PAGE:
Costa Mesa, California - The City of Costa Mesa has hired a negotiator to lead labor talks with its employee associations, City Chief Executive Office Tom Hatch announced today. In recent years, Costa Mesa’s chief negotiator had been the City’s administrative services director.

Richard Kreisler, a partner with the Los Angeles-based Liebert Cassidy Whitmore law firm, spent the first 14 years of his 35-year career representing police and fire associations. For the past two decades, he’s worked with public agencies on a wide variety of public safety issues, including labor negotiations. He will charge the City $300 per hour.

“The employee contracts represent, by far, the largest expense in the City’s budget, and hiring a professional negotiator to help us during these challenging times is a cost-effective investment for the Costa Mesa taxpayer,” said City Chief Executive Officer Tom Hatch.

Per the City’s Council direction, Hatch has asked the six employee associations representing City employees to renegotiate their existing contracts to help Costa Mesa financially withstand the economic downturn that’s adversely affecting local governments.

And the City is currently negotiating with the Costa Mesa Firefighters Assn., which agreed last October to have its members contribute 5% of their CalPERS-eligible pay to their own pensions for one year. This contribution is set to expire next month.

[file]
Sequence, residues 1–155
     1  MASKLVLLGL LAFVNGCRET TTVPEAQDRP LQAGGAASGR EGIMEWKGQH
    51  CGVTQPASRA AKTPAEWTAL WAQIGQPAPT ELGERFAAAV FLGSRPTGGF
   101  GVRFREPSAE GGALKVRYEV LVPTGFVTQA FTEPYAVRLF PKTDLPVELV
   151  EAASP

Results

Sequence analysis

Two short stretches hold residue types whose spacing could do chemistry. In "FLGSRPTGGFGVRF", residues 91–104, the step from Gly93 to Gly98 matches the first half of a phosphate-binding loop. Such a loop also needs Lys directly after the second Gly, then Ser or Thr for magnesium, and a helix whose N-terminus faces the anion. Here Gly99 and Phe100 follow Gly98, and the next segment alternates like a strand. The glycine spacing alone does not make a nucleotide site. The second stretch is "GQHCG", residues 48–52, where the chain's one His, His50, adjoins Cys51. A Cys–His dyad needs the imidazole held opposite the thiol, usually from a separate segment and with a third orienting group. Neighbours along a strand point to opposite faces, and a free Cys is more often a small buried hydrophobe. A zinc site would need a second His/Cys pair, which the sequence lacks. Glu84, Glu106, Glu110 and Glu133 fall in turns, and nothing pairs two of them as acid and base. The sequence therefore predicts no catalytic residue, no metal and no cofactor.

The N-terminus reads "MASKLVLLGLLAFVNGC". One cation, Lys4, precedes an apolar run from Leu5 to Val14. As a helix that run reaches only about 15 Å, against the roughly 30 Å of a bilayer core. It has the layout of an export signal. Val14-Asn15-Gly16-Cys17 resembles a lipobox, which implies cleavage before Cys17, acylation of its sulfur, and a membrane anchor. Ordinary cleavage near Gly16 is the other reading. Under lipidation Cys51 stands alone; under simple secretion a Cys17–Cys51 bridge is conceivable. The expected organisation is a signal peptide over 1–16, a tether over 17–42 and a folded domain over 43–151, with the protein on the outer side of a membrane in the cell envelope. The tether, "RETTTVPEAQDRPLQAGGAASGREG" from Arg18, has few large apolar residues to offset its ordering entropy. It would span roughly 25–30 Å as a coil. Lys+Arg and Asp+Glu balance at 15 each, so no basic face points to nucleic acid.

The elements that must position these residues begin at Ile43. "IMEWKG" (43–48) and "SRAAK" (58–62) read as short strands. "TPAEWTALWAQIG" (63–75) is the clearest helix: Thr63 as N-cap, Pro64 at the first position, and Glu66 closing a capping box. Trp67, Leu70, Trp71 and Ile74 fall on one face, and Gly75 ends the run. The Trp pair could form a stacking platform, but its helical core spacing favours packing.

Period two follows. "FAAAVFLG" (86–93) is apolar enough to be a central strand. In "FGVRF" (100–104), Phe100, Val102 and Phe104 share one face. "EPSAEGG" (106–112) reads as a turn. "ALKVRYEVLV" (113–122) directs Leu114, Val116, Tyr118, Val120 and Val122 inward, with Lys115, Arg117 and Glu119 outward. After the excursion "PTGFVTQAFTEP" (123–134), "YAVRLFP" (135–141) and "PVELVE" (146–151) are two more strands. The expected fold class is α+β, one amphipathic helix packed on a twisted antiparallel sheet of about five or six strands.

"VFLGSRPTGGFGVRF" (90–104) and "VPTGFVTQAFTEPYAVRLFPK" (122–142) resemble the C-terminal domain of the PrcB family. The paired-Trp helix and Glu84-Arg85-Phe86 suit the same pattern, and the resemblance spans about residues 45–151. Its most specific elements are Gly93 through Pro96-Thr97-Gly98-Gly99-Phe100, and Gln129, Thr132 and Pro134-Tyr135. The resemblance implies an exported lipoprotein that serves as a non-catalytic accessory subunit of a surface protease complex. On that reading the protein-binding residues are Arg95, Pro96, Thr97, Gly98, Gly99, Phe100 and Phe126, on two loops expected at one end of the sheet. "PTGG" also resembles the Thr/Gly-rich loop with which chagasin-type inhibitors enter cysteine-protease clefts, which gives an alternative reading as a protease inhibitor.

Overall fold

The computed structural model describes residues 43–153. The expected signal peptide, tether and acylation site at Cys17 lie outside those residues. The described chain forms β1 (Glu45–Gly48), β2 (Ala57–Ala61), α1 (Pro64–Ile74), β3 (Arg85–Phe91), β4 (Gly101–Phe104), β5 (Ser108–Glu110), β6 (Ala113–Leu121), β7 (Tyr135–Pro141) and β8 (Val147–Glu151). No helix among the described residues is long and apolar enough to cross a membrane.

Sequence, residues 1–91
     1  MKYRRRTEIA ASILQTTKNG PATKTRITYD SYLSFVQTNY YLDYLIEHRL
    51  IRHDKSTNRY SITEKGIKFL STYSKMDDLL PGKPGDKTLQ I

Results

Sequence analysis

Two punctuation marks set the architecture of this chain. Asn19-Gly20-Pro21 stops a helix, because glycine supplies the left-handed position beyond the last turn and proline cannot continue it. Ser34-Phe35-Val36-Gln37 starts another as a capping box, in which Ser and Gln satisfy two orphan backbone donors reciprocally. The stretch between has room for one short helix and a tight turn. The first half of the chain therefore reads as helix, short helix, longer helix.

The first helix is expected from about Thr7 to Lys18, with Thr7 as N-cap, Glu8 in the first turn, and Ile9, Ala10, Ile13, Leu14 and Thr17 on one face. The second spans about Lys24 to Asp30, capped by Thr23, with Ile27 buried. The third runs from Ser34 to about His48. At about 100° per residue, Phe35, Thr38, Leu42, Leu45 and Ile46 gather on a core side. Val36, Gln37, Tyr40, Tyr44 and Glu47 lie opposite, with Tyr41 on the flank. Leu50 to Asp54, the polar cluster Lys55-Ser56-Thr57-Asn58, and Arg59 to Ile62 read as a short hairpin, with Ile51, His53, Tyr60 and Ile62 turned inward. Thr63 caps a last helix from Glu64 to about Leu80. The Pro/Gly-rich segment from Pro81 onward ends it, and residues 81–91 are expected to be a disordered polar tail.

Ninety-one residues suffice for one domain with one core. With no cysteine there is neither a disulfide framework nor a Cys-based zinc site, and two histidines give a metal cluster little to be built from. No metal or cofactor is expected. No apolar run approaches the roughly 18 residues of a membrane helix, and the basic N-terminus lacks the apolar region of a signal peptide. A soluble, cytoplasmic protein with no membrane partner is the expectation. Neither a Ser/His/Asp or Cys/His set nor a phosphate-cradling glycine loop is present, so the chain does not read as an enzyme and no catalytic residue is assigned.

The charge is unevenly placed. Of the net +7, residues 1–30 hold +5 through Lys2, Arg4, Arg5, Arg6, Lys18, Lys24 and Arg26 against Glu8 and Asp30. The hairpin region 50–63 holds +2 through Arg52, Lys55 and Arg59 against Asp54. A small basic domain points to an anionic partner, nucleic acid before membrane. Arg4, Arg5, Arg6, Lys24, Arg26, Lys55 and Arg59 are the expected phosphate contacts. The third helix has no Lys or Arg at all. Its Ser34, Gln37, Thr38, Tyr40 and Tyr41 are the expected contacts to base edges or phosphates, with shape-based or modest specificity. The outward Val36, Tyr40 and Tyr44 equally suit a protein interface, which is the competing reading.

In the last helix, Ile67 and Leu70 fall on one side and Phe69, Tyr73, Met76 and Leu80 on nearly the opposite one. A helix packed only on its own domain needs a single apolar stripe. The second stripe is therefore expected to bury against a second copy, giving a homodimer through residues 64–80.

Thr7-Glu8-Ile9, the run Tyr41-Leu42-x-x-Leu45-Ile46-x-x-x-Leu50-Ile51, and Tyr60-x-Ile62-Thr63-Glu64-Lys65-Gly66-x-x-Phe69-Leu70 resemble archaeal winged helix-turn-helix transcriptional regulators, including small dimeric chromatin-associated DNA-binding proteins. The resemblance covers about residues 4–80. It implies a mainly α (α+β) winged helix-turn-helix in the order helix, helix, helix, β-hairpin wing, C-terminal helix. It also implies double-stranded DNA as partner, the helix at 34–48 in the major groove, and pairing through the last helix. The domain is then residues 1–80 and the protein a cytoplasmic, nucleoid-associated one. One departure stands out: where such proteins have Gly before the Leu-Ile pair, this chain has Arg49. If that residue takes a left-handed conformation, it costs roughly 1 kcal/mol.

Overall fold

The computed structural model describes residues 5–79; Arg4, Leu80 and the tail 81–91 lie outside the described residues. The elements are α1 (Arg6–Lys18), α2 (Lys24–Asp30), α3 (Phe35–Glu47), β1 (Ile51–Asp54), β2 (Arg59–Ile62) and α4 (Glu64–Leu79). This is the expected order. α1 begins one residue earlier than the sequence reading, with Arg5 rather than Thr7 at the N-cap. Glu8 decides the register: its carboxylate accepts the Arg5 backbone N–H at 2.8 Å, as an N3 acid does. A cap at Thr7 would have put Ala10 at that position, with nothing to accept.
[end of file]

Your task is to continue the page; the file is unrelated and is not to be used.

IMPRESSIVE CREDENTIALS
If you
click on that link to Richard Kreisler's name you'll find a very impressive list of credentials, including MANY assignments as chief labor negotiator for several municipalities.

MOTIVES ARE CLEAR
As each day passes it becomes more clear that this current city council, led by the carpetbagging opportunist, Jim Righeimer and his non-elected bully buddy, Steve Mensinger, is serious about emasculating the employee bargaining units and are willing to pay $300 per hour to a hired gun to do it.

FEEL-GOOD SMOKE SCREENS
Don
't get me wrong here. I really like the new tools being used to provide positive information to us. But no matter what kind of feel-good news this regime presents in the Costa Mesa Minute, with timely important news each morning, and on the CEO E-Briefing, complete with Michael Josephson "Character Counts" words of wisdom, the true colors of this council show through in their actions. We've seen Righeimer frequently praise the city employees on one hand, then do whatever he can to get rid of most of them.

HOW WILL EMPLOYEES RESPOND?
I'm going to be very interested in seeing just what kind of response this evoke from the bargaining units. I doubt seriously that they will meekly roll over and open their contracts. I know that many of them feel that would be a huge tactical error, one that would allow this administration to gut the contracts. The hiring of Kreisler only seems to affirm that apprehension.

AND ON AND ON...
And the drama continues....